A81.2 - Progressive multifocal leukoencephalopathy

Version 2023
ICD-10:A81.2
Short Description:Progressive multifocal leukoencephalopathy
Long Description:Progressive multifocal leukoencephalopathy
Status: Valid for Submission
Version:ICD-10-CM 2023
Code Classification:
  • Certain infectious and parasitic diseases (A00–B99)
    • Viral and prion infections of the central nervous system (A80-A89)
      • Atypical virus infections of central nervous system (A81)

A81.2 is a billable ICD-10 code used to specify a medical diagnosis of progressive multifocal leukoencephalopathy. The code is valid during the fiscal year 2023 from October 01, 2022 through September 30, 2023 for the submission of HIPAA-covered transactions.

Approximate Synonyms

The following clinical terms are approximate synonyms or lay terms that might be used to identify the correct diagnosis code:

Tabular List of Diseases and Injuries

The Tabular List of Diseases and Injuries is a list of ICD-10 codes, organized "head to toe" into chapters and sections with coding notes and guidance for inclusions, exclusions, descriptions and more. The following references are applicable to this diagnosis code:


Inclusion Terms

Inclusion Terms
These terms are the conditions for which that code is to be used. The terms may be synonyms of the code title, or, in the case of "other specified" codes, the terms are a list of the various conditions assigned to that code. The inclusion terms are not necessarily exhaustive. Additional terms found only in the Alphabetic Index may also be assigned to a code.

Index to Diseases and Injuries References

The Index to Diseases and Injuries is an alphabetical listing of medical terms, with each term mapped to one or more ICD-10 code(s). The following references for this diagnosis code are found in the injuries and diseases index:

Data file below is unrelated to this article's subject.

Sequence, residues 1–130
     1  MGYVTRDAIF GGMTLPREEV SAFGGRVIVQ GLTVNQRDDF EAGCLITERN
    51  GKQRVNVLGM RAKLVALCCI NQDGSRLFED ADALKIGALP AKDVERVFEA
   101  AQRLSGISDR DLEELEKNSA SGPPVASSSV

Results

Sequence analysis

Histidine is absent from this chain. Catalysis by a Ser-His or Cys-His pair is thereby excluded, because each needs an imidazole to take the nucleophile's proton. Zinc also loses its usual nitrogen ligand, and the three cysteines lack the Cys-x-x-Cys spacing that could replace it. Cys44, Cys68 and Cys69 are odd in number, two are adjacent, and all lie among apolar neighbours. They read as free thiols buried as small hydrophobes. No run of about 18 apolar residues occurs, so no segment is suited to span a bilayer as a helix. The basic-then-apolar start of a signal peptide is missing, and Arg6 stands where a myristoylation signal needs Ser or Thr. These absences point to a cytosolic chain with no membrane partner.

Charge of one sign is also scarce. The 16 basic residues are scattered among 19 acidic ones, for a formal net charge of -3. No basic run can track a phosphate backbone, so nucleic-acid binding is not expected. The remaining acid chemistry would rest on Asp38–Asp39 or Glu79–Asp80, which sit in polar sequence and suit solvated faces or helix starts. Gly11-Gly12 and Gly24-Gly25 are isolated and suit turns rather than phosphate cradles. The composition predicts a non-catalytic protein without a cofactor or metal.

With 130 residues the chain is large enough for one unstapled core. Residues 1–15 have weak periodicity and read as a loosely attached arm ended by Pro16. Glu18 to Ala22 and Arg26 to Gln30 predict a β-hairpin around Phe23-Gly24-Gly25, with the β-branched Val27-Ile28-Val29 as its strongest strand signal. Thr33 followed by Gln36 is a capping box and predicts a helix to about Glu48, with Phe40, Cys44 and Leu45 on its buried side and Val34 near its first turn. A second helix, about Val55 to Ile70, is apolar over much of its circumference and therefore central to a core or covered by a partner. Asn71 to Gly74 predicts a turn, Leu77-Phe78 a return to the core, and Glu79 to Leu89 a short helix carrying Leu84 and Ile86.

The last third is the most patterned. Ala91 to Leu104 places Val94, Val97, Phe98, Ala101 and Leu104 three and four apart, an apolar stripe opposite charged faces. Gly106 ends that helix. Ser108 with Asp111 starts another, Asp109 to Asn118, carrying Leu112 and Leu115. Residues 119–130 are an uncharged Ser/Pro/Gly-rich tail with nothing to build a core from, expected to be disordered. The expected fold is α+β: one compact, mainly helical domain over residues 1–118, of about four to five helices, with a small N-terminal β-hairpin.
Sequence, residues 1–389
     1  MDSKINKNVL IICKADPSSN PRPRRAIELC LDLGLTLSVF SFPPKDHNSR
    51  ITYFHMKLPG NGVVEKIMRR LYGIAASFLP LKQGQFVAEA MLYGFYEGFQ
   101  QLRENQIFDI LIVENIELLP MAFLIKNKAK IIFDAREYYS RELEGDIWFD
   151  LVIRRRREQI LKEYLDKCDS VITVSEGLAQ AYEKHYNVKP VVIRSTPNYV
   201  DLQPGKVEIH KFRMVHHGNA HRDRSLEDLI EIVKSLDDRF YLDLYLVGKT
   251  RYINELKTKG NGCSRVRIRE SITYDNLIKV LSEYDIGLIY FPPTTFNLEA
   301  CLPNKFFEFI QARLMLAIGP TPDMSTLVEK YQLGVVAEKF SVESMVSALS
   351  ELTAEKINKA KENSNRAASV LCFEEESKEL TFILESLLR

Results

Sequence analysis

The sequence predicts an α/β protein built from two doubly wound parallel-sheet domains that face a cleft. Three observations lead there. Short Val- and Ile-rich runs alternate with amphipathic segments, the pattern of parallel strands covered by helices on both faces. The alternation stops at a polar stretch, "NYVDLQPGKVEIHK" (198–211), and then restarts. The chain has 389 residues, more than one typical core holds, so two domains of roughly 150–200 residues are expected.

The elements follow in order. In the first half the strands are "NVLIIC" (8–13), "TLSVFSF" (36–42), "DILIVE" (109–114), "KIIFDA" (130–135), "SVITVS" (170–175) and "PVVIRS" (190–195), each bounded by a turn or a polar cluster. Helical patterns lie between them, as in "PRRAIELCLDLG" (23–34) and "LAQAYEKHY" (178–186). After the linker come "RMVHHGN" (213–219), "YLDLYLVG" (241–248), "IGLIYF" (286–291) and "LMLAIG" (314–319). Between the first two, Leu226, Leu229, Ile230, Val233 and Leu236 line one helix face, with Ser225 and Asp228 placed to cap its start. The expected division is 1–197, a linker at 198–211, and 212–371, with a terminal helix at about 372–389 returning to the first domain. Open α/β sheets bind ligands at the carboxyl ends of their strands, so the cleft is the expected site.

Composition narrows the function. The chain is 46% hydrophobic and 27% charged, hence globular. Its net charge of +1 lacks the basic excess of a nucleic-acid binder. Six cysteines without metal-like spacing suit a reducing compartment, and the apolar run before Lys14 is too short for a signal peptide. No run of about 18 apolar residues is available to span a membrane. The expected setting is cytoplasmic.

Convert to ICD-9 Code

Source ICD-10 CodeTarget ICD-9 Code
A81.2046.3 - Prog multifoc leukoencep
Approximate Flag - The approximate mapping means there is not an exact match between the ICD-10 and ICD-9 codes and the mapped code is not a precise representation of the original code.

Patient Education


Degenerative Nerve Diseases

Degenerative nerve diseases affect many of your body's activities, such as balance, movement, talking, breathing, and heart function. Many of these diseases are genetic. Sometimes the cause is a medical condition such as alcoholism, a tumor, or a stroke. Other causes may include toxins, chemicals, and viruses. Sometimes the cause is unknown.

Degenerative nerve diseases include:

Degenerative nerve diseases can be serious or life-threatening. It depends on the type. Most of them have no cure. Treatments may help improve symptoms, relieve pain, and increase mobility.


[Learn More in MedlinePlus]

Encephalitis

Encephalitis is an inflammation of the brain. Usually the cause is a viral infection, but bacteria can also cause it. It can be mild or severe. Most cases are mild. You may have flu-like symptoms. With a mild case, you may just need rest, plenty of fluids, and a pain reliever.

Severe cases need immediate treatment. Symptoms of severe cases include:

In babies, additional symptoms may include constant crying, poor feeding, body stiffness, and bulging in the soft spots of the skull.

Severe cases may require a stay in the hospital. Treatments include oral and intravenous (IV) medicines to reduce inflammation and treat infection. Patients with breathing difficulties may need artificial respiration. Some people may need physical, speech, and occupational therapy once the illness is under control.

NIH: National Institute of Neurological Disorders and Stroke


[Learn More in MedlinePlus]

Viral Infections

Viruses are very tiny germs. They are made of genetic material inside of a protein coating. Viruses cause familiar infectious diseases such as the common cold, flu and warts. They also cause severe illnesses such as HIV/AIDS, Ebola, and COVID-19.

Viruses are like hijackers. They invade living, normal cells and use those cells to multiply and produce other viruses like themselves. This can kill, damage, or change the cells and make you sick. Different viruses attack certain cells in your body such as your liver, respiratory system, or blood.

When you get a virus, you may not always get sick from it. Your immune system may be able to fight it off.

For most viral infections, treatments can only help with symptoms while you wait for your immune system to fight off the virus. Antibiotics do not work for viral infections. There are antiviral medicines to treat some viral infections. Vaccines can help prevent you from getting many viral diseases.


[Learn More in MedlinePlus]

Code History